Ok so I wrote recently that the ZUMspot Pi boards were no longer available from Bruce and I made the mistake of concluding that meant they were no longer available. Tuns out I was wrong! The ZUMspot Pi boards are available in the USA exclusively from HRO (Ham Radio Outlet)
There’s four listing’s when you do a search on their website for “ZUMspot”
Sadly it’s seems that the Chinese push into the mmdvm hot spot market (aka Jumbospot) has taken its toll on the ZUMspot team and they have ceased operations with a departing notice on mmdvm.blogspot.com stating that they no longer sell the ZUMspot Pi and the MMDVM Pi boards with a further notice advising to visit www.zumspot.com however that domain name no longer resolves!
So I’ve entered the relatively new digital modes (for me anyway) of DMR & YSF. This requires either a digital repeater or personal hotspot to access. The popular way to do this is with a software suite called MMDVM and currently there’s two Raspberry Pi images available that take care of having to build everything yourself. The first is PiStar and the other is by KB5RAB
I’m using the Pi-star image as it’s headless (meaning it doesn’t require a keyboard & monitor to run)and uses a webui to configure and uses a read-only file system once everything is loaded, whereas the KB5RAB is a full Raspbian desktop. As you can see from the pictures I’m using a Raspberry Pi2 and the ZUMSpot Pi and a dual colour OLED.
When portable I have 10000 (mAh) 5v power pack that is about the same size as the case I’m using for the Pi2, so a few rubber bands double looped holds it all together rather nicely! The ZUMSpot Pi hat is the perfect size for fitting the OLED screen inside the case using some double sided foam tape stuck to the HDMI socket and the very top edge of OLED is resting on the CPU heat sink. Initially I was going to attach the I2C ribbon cable to the bottom of the Raspberry Pi, but if I ever want to swap the ZUMSpot out I’d be without the OLED so instead I attached it to the ZUMSpot hat.
As I’ve mentioned on this blog I had a bit of a run in with Lymphoma back in 2006/2007. Well here we are and ten years have passed so what’s changed in this time? LOTS! But more importantly what has changed within me, the survivor?
Well I’m cancer free, and I have issues related to my treatment that have effected me both physically and mentally. It’s more of the mental health that are my biggest problems.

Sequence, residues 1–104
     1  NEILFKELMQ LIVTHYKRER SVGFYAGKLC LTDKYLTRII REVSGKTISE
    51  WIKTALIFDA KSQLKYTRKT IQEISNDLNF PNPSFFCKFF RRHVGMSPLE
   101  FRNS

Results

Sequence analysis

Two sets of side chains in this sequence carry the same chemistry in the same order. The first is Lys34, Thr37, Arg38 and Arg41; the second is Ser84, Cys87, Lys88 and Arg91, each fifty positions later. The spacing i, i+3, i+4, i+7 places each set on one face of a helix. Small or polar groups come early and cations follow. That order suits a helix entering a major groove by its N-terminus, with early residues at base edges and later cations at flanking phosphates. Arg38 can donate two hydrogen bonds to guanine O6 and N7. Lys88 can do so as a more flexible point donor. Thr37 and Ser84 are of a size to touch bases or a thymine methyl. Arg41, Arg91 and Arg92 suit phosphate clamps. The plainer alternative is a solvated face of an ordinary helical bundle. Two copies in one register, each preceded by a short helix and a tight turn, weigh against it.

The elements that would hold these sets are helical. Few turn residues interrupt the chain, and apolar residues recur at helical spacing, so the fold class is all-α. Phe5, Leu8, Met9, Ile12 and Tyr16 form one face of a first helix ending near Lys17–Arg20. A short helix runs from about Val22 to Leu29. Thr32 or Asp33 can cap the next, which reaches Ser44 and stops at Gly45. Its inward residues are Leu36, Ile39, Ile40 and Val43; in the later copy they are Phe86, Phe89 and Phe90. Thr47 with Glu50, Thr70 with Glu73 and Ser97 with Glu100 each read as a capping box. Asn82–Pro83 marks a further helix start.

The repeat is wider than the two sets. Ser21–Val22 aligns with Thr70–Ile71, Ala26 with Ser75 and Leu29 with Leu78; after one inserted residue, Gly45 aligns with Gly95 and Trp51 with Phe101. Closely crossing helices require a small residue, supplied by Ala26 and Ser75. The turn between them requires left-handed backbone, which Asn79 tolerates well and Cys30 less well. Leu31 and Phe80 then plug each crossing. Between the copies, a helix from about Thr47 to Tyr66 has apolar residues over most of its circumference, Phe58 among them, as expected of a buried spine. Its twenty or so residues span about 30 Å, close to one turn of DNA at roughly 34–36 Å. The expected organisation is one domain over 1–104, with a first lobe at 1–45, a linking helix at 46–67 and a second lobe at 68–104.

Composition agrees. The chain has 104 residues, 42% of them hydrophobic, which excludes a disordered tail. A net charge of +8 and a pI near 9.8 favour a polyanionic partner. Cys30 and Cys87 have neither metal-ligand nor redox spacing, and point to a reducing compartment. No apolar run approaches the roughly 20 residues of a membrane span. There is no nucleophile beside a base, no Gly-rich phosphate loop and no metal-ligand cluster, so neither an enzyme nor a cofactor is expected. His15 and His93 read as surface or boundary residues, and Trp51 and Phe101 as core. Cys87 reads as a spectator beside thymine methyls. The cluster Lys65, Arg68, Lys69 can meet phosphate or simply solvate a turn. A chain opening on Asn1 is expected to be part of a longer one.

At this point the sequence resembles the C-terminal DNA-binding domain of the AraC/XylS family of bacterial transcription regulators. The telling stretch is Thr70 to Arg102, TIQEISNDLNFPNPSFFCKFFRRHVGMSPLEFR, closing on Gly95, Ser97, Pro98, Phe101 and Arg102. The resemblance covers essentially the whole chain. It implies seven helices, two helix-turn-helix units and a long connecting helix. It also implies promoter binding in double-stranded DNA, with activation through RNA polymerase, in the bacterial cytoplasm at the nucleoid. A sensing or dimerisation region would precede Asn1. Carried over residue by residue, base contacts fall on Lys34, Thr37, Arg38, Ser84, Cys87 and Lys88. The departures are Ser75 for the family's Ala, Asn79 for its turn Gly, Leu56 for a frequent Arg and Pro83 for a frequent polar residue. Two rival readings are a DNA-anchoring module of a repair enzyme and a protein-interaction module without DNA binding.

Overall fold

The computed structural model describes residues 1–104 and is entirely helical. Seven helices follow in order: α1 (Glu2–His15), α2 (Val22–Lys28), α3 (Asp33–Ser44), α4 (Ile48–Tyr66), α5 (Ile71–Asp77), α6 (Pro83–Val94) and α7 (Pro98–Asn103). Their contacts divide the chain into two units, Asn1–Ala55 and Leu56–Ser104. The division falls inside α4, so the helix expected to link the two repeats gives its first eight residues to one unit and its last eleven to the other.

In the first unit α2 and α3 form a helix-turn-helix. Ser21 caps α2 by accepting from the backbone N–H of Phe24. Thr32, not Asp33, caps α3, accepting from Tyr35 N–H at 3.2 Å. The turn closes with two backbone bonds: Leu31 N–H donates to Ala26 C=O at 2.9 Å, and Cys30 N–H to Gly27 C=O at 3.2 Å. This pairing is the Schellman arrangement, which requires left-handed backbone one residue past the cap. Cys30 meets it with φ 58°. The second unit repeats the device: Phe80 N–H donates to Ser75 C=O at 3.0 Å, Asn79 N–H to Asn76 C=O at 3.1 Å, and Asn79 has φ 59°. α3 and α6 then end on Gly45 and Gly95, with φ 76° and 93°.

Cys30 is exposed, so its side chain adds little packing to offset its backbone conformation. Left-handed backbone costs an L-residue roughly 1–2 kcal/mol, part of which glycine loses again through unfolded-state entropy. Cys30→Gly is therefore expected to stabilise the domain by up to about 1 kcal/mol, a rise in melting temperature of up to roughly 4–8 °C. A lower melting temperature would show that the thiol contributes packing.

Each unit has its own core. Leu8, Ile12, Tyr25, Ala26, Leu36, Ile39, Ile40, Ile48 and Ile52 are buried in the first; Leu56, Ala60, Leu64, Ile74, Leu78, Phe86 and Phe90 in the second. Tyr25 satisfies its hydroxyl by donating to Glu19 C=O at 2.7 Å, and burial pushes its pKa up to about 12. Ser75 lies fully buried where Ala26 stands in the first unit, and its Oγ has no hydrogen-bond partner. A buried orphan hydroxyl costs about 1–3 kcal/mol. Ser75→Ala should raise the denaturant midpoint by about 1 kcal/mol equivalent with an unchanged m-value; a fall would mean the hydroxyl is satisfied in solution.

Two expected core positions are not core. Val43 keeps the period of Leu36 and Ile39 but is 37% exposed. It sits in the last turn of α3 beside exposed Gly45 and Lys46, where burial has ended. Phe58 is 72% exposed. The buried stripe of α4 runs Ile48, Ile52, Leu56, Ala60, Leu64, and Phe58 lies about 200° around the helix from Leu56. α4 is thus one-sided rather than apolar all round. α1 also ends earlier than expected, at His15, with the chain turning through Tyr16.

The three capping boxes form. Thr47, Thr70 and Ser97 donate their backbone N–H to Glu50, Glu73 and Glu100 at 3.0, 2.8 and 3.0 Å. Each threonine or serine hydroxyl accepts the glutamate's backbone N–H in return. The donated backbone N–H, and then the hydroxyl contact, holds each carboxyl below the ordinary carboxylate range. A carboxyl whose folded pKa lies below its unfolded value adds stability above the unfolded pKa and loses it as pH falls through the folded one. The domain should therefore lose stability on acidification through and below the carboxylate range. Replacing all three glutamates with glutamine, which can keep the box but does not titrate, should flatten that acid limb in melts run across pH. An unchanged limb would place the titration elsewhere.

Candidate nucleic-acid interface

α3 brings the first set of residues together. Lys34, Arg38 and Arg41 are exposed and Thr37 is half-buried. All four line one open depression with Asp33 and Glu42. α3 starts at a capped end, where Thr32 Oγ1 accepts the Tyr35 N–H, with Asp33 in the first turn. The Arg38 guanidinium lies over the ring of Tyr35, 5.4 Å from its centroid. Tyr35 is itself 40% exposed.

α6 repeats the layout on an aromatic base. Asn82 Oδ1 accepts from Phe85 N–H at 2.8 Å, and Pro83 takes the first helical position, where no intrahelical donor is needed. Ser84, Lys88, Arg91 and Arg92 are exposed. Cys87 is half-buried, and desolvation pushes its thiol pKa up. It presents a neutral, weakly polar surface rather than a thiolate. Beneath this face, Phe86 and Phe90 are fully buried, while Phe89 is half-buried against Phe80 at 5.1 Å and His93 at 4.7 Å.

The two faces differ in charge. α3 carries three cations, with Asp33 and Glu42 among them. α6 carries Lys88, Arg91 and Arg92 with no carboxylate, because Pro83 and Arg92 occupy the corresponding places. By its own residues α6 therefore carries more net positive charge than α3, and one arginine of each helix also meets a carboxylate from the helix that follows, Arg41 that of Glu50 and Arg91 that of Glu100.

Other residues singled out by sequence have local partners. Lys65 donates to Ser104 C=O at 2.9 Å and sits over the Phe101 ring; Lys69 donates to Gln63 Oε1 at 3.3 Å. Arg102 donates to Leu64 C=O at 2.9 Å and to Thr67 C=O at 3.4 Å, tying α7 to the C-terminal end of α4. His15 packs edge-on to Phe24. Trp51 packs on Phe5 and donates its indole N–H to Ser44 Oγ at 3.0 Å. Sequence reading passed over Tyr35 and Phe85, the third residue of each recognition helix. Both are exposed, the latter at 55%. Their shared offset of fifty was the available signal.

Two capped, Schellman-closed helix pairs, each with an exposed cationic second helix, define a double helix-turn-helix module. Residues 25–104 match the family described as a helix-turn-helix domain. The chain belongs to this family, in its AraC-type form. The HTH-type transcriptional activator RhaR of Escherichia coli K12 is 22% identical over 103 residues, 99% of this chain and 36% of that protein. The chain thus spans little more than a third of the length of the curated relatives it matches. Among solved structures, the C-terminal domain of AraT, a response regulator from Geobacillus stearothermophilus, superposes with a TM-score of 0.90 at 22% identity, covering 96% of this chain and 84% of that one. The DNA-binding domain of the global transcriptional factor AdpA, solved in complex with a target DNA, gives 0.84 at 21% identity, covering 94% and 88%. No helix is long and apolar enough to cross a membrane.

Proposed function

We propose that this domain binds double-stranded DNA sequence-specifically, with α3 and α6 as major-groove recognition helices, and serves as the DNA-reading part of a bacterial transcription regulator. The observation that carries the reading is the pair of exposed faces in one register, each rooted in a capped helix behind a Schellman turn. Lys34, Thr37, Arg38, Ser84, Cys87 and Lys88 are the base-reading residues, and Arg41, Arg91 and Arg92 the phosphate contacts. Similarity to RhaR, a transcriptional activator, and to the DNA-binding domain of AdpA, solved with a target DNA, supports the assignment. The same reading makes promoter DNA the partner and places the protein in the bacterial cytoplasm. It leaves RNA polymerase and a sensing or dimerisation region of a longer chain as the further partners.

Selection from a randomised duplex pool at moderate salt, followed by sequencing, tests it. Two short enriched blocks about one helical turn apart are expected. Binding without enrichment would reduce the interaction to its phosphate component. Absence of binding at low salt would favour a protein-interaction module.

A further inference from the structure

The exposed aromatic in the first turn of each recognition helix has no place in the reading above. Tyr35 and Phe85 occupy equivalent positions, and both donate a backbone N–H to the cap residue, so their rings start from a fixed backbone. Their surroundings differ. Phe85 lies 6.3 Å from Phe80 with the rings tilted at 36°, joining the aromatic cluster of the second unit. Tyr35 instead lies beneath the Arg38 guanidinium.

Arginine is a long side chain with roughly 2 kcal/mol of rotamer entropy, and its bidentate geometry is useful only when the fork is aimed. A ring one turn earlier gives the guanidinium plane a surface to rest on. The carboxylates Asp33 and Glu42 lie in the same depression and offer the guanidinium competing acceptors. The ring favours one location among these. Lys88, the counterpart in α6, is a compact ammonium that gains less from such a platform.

I have issues with certain parts of the treatment I received, namely Radiotherapy and the high dose of Methotrexate. It was the latter that causes me the most trouble. But why? this is the question that plagues me still. There’s no logic in why I feel the way I do, but if the mind was this simple to question then my issues wouldn’t exist! The issue of Radiotherapy isn’t one of a mental issue but that of a physical. I suffered from burns to my tongue, throat and neck, and the healing of these wounds took longer than it would if my body wasn’t so run down. Today the effects of those burns has affected my taste due to about 2/3rd of my taste buds being removed!
All through this I’d lost my ability to smell, I originally thought it was due to the necrotic tissue that had physically blocked my nose. However several months post radiotherapy and my nose had almost cleared up, but not a hint of my sense of smell was going to return any time soon. 😡
Then finally in 2013 we got around to doing what was planned for 2006! (but only one!)
I recently purchased an Arduino Due from an $18USD credit from ITEAD. I immediately went searching for something unique to use it for, that’s when I found the ElectroSmash pedalSHEILD and thought that’s the perfect thing.
Above is a picture off Electrosmash’s website showing how it all fits together, below is my finished product.
It took me about two hours to complete the kit. The instructions were clear and precise and plenty of pictures if you needed to double check something.
Below is the ITEAD Arduino Due clone that was purchased separately. This is the only board that can be used with the pedalSHIELD Due, however there’s the option for the Arduino Uno called the pedalSHIELD Uno. (not pictured)
At this stage I’ve tried all the example sketches but haven’t had time yet to try my hand at making something uniquely my own sound.